In all the 75 years of Israel’s existence, this is one of the most critical weeks. It may well decide the fate of the nature of our country. Can we be a light unto the nations? Can we truly continue to be the only democracy in the Middle East? And can we continue our amazing story of transforming an oppressed people into an enlightened and moral society in our own land?
How ironic that this Wednesday evening we will begin the fast of Tisha B’ Av commemorating the loss of both Temples destroyed supposedly because of internal hatred and strife.
Today the country is split almost down the middle, not between religious and secular, not between Sephardim and Ashkenazim, and not between those that support the peace process and those that want to see annexation of Judea and Samaria, but rather what divides us is a moral, ethical issue of the very essence of Israel as a Jewish and democratic state.
Israel’s right-wing coalition of Likud, Religious Zionists and Haredim won a very narrow majority in the last election, just enough to put together a coalition of 64 out of 120 seats in the Knesset, but not enough to truly represent the majority of the people. While judicial reform was indeed part of their manifesto, the radical set of judicial changes and the rupture of the democratic structure of Israel were not. Yet the coalition is taking the country into undemocratic territory of removing the judicial checks and balances and steamrolling a set of laws, some irreversible, that will change the nature of this wonderful country as we know it.
Democracy is not only about elections. It is as much about what happens between elections, how government operates, how minorities and rights are protected, and how the people express themselves in the many ways that democratic law permits.
The people are speaking and objecting.
Poll after poll have shown that the majority of the country are against the proposed legislation, including many right wingers and religious people. The top economists, bankers, high tech innovators and business leaders have spoken of the irreparable damage to the economy; former politicians, generals and spy masters have warned of the danger to Israel’s security and political standing, and the masses have spoken with their feet. For 30 weeks in a row, demonstrators in their tens of thousands have consistently taken to the streets, every Saturday night.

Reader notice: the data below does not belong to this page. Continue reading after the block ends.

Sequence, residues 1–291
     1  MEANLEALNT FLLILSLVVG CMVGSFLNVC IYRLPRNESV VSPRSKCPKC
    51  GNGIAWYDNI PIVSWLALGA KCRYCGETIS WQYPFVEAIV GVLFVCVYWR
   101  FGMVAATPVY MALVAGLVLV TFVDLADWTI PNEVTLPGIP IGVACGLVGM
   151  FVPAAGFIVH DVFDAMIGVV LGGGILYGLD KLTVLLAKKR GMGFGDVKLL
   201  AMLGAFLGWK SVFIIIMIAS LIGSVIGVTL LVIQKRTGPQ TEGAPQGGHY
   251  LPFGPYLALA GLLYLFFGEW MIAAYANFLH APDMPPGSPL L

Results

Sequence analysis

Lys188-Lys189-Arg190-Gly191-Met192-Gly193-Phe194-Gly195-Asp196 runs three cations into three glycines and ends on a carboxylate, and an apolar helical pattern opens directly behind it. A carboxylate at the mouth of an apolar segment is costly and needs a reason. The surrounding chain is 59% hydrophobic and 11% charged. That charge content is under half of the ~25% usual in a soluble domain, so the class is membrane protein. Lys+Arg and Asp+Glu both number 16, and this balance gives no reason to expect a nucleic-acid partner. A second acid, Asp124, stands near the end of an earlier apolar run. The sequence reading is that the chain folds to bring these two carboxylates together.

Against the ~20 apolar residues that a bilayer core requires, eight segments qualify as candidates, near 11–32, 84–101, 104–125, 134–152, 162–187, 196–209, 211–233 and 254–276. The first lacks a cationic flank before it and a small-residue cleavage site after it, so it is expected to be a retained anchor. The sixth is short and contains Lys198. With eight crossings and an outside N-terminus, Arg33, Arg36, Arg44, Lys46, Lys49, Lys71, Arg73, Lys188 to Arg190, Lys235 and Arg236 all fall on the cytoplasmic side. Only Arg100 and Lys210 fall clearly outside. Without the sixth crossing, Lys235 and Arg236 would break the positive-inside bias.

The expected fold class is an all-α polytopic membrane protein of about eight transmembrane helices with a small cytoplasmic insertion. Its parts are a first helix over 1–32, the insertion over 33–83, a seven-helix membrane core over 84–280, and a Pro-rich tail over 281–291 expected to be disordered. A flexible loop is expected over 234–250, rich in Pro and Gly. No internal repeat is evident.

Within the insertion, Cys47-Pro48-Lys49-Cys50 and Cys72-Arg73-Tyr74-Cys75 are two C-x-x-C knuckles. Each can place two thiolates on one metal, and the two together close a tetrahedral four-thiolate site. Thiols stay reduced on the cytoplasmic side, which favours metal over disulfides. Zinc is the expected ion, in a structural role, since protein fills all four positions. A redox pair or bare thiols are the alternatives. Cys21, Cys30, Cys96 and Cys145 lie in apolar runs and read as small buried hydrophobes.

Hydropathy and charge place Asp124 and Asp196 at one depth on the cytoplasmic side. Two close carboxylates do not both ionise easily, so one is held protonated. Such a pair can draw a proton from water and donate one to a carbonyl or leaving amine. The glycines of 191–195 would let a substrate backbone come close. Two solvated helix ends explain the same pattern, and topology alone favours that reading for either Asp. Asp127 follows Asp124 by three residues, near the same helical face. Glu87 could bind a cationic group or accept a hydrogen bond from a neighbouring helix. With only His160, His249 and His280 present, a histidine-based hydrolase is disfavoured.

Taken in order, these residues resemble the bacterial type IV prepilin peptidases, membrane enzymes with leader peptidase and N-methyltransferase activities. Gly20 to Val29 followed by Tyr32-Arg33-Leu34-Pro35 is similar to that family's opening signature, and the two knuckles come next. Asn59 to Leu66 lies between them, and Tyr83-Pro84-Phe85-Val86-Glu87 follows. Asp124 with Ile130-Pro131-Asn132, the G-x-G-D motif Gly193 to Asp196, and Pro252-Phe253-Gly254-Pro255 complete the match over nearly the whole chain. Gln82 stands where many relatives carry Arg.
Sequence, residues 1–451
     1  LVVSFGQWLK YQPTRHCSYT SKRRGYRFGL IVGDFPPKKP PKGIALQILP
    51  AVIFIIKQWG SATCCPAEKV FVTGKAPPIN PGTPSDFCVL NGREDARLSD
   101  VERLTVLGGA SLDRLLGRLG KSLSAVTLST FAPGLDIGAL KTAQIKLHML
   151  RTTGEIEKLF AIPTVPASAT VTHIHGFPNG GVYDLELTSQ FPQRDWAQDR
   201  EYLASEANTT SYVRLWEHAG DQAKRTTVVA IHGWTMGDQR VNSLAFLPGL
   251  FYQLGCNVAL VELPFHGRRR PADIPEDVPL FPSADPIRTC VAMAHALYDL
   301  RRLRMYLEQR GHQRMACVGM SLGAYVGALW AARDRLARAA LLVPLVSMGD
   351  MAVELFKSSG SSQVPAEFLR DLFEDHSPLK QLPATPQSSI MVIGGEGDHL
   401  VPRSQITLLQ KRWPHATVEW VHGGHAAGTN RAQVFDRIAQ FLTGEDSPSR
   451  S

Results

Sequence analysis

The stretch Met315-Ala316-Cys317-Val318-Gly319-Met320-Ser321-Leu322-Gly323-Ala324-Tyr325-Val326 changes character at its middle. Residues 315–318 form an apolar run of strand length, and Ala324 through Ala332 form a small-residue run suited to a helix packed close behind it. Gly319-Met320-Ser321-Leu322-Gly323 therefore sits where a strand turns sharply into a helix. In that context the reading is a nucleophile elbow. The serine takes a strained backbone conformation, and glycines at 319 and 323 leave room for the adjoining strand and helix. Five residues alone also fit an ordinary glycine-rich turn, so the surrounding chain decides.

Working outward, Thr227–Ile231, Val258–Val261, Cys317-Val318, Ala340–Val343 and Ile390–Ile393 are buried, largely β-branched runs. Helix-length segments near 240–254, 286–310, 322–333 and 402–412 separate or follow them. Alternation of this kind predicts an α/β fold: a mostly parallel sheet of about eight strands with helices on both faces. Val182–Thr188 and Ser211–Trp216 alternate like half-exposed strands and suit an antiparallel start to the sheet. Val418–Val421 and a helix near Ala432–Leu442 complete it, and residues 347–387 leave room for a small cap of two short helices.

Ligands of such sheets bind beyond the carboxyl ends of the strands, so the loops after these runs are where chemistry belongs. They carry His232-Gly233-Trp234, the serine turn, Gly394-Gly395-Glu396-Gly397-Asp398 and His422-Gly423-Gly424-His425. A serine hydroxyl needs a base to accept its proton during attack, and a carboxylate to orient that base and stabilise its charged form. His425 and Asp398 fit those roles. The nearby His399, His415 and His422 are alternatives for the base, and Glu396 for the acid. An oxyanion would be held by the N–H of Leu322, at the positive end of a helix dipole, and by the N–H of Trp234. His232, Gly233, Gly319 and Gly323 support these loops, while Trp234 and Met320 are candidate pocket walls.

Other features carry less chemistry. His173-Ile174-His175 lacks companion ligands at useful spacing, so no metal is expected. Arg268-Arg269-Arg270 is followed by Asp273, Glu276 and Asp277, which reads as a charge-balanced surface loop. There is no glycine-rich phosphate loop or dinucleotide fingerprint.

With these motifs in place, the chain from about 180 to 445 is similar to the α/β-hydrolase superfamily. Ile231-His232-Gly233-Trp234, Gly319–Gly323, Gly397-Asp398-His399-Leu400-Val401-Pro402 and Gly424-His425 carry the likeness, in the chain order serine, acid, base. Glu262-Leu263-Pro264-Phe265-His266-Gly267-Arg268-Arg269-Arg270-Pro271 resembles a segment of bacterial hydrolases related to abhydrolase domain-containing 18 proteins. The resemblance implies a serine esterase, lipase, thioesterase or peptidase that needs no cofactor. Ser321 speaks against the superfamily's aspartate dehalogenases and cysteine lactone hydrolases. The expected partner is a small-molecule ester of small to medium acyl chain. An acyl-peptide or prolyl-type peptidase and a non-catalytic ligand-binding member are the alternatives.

These are not rowdy radicals or left-wing extremist, but mostly middle of the road, young men and women and older folks coming out of retirement, representing the normally silent majority who now cannot stay silent and are not prepared to give up the country they love dearly, the homeland that they have built and fought, to hand it over to a coalition of anti-democratic politicians.
But when Israel’s sacred cow, the IDF, becomes the weapon of last resort to save democracy, surely this says something. It says something about the valiant young women and men who arise unquestioned, night and day, to serve in the security forces, to do their commanders’ and political leaders’ bidding and defend their country. These many volunteer reservists are now willing to turn away and use themselves and their volunteering as the ultimate weapon. Personally, I’m not sure if they’re crossing a line or not, but I respect their bravery, their conviction, and their willingness to risk so much in refusing duty.
After close to 100,000 people reached Jerusalem last night after a four-day 60 kilometer march from Tel Aviv in blazing heat, and as hundreds of thousands more will demonstrate today and tomorrow before the final vote on the first critical bill that will begin the distraction of the temple of democracy, it’s not too late to stop this potential catastrophe.
Yes, some judicial reform may be necessary, and it is high time that Israel created its own constitution. That we can do slowly, sensibly and deliberately at a constitutional conference with all sectors and all political parties together.
Let’s agree to set this in motion this week before Tisha B ‘Av. Let’s listen to the people!